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Poll shows strength of tea party in Iowa
The Des Moines Register released its latest Iowa Poll Sunday, and though it clearly shows the growing influence of the tea party movement in the Hawkeye State, it is still unclear what sort of impact it will have in 2010.
Thirty-three percent of those polled said they consider themselves “a supporter of the tea party movement,” with 49 percent of supporters defining themselves as independents, 34 percent Republicans and 17 percent Democrats.
Forty-nine percent of those polled said they do not support the tea party movement.
Iowans are evenly split on whether they are inclined to “keep or replace” incumbents who represent them, with a slight majority favoring to oust incumbents at the state level. Most observers say the 2010 elections will be dominated by anti-incumbent sentiment, but in a state that hasn’t voted out an incumbent governor since the 1960s, the even split does give some slight comfort to Gov. Chet Culver, who has seen his job approval ratings drop steadily since 2008.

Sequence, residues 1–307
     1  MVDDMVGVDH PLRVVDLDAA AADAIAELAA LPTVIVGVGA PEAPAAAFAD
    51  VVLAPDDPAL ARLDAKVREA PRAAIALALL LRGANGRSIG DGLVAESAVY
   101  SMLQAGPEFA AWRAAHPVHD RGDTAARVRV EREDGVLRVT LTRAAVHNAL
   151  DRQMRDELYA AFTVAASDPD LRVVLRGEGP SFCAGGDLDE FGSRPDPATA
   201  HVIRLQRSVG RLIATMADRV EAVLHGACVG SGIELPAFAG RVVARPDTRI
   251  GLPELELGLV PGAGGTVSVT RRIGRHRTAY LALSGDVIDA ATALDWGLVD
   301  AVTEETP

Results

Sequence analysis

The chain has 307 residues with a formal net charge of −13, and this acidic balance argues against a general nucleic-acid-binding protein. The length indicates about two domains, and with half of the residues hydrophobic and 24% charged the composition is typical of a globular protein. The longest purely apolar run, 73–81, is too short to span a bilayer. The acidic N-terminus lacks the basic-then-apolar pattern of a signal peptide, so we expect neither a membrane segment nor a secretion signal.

At the local level, the poll found 59 percent favored keeping their incumbent in office.
The Register correctly points out that this anti-incumbent mood benefits Republicans, since Democrats control both chambers of the legislature and the governor’s mansion. But tea party leaders are quick to dismiss the idea that the GOP is entitled to their votes. Ryan Rhodes, chairman of the Iowa Tea Party Patriots and campaign manager for 3rd District Republican Congressional candidate Dave Funk, told The Iowa Independent in December that the movement gained momentum based on frustration with both Democrats and Republicans.
Another point of note is that nearly all those polled who do support the tea party movement live in rural Iowa, small towns or the suburbs, each already considered Republican strongholds. Only 7 percent said they live in a large city. Forty-six percent consider themselves “born-again” Christians.
The GOP’s 2010 success could also hinge on its ability to mend fences after what’s shaping up to be a contentious primary season. A divide between grassroots conservatives and the party’s “establishment” is popping up in races up and down the primary ballot. The most high profile example can be found in the race for the Republican gubernatorial nomination, with supporters of Bob Vander Plaats vowing to sit out the fall campaign if the party nominates four-term former Gov. Terry Branstad. For his part, Vander Plaats has refused to rule out running as an independent if he does lose the primary.
In Iowa House District 8, a former GOP county chair who originally entered the race as an independent has returned to the party to run against a candidate viewed by many as an “establishment” Republican. The winner will try to win a district held by a conservative Democrat for 20 years.